• Finally, we come to Review, another perspective supplied by Omni. OmniFocus has always had this perspective, but OmniFocus 2 makes it prettier. This one gets used roughly once per week because that’s what the book says. Lots of folks prefer to do reviews using OmniFocus for iPad, but I like this one better because I’m not constantly switching between tapping on a screen and typing.

I’ve defined a few other perspectives, but these are by far the most interesting and/or important ones. I’ve also tried to do something clever with the order: many of the perspectives in the sidebar are roughly in order of how my day progresses. It looks something like this:

  1. Process anything in the Inbox perspective so it either becomes a project or an action somewhere.
  2. Update all stalled projects with next actions.
  3. Review the forecast of the day so I know if I have any appointments that necessitate tasks, as well as unsetting any incorrect due dates if needed.
  4. From my huge list of candidate tasks, choose the ones I want to do that day and flag them.
  5. Click over to Today and, as I mentioned, I have my list of stuff to do for the day.
  6. Once I’m done with the Today list, I click over to Contexts and pick other things to do.

(The rest don’t really follow the flow of the day, except maybe Changed if I want to review what was added, modified, or marked as done on a given day.)

I’m embarrassed to say that I love reading about other people’s OmniFocus perspectives. If you have any fancy ones you want to share, drop a comment below.

(image courtesy of Mariano Mantel)

  1. If you’re not familiar with the concept of perspectives in OmniFocus, go watch this video, then come back. ↩
  2. For all of the blog posts I’ve read about OmniFocus perspectives, few people ever include detailed instructions on recreating them. I realize that it’s fairly trivial to piece a given perspective together based on the creator’s description, but it’s way easier to just show the reader which boxes to check, am I right? Of course I’m right. ↩

So much more than syncing...

Get my favorite Dropbox tricks and tactics.


Click Here to Leave a Comment Below 14 comments

First Mr. Sparks, and now you.

Damnit, it’s some sort of trend. Apparently I have some writing and screenshotting to do…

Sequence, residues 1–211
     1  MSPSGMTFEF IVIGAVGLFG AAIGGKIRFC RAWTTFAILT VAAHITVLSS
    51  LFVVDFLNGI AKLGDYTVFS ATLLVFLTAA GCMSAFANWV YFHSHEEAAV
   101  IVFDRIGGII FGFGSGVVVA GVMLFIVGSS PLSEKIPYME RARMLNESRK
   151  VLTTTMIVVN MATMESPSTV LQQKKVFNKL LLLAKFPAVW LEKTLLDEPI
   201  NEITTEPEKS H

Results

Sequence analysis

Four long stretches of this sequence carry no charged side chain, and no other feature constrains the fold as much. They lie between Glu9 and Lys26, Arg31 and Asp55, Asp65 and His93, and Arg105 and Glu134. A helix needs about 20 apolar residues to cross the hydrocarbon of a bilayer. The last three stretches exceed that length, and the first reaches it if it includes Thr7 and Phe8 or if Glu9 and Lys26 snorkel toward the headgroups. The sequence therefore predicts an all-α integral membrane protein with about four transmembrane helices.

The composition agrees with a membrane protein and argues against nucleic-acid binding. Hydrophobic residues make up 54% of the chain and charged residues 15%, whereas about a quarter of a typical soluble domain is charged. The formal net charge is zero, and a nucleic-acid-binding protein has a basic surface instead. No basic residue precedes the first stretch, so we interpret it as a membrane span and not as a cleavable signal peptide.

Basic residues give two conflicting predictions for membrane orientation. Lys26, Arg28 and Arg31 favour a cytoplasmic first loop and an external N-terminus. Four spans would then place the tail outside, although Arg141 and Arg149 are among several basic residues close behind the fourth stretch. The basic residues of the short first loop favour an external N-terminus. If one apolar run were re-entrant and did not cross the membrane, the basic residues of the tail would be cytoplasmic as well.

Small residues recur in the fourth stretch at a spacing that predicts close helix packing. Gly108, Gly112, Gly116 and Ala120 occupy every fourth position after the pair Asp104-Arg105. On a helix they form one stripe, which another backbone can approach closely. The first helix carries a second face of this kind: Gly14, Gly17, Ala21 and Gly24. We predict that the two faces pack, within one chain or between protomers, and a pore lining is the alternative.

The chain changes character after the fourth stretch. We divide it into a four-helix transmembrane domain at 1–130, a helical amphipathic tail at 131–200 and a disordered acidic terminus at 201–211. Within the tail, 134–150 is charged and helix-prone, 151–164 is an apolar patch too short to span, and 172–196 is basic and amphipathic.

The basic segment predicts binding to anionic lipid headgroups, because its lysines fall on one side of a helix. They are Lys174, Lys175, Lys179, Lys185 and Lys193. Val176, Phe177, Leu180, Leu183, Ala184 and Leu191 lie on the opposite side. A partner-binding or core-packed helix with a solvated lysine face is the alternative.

Embrace thought-followerhood, Aaron. It’s the way of the future.


It’s “baling” wire, isn’t it?





Thanks for sharing! I love these perspective posts too — several have given me several of my most critical perspectives (or an inspiration for my own variation). And yes — I feel sharing the settings screenshot is invaluable…

Speaking of, how did you add the Sidebar Selection of “All Projects”, as shown in your Stalled perspective? I can only add every individual project (by pre-selecting them all) resulting in a giant list. Unfortunately, (I assume) this will not include future projects, as I also assume an *all projects* selection would. I looked around and couldn’t find this setting in help or the forums…

Any guidance would be appreciated. And thank again for sharing!


    I have the same challenge – would love to have the “all projects” selection…


      I think I figured it out. He must have an “All Projects” master folder that everything else is in. I use “personal” and “work” folders, into which every project goes. Command-clicking those *folders* gets the desired result for me.


        Ah ha! Yes, that works for me as well. While it would be a nice option to simply include everything, selecting my current top-level folders (which are unlikely to change) works for me. Thanks!

Edi Venturin

Nice post, Brett.
I have a setup similar to yours and David Sparks. The difference is mainly the way I go through them, using a slightly modified version of this brilliant script by Brandon Pittman, called SmartPerspective.

While Brandon has it triggered automatically by Keyboard Maestro every time he activates OmniFocus, I have it triggered by a hotkey.


I like the idea of the stalled perspective and created my own with your instructions.

But when I want to crank through the list and insert new tasks on stalled projects the projects fades out, so I can’t edit it (it fades out, because it’s no longer stalled, when I begin to enter a new tasks).

How do you add tasks to stalled projects in this perspective?


    You don’t, because once a project has a task it’s not anymore stalled and hence the filter shows only stalled projects, it disappear.

    I like and have that perspective as well, but I don’t check it very much. For long time I’ve been using a script developed by Curt Clifton’s which provides much more flexibility. You may like it:

    Josv.d. Voort v.d. Kleij

    I am having the same issue as Stephan. I would like to use the stalled perspective to add tasks to projects that have no clearly defined next actions.

    The way it is now is pretty much useless for me. Before I ran into this limitation I figured this was a brilliant way to keep projects progressing.

    Any suggestions??


      Mine. Above. 😉


Thanks for sharing. I found your article very helpful in tweaking my set up of OmniFocus 2. Happy New Year!


Leave a Reply: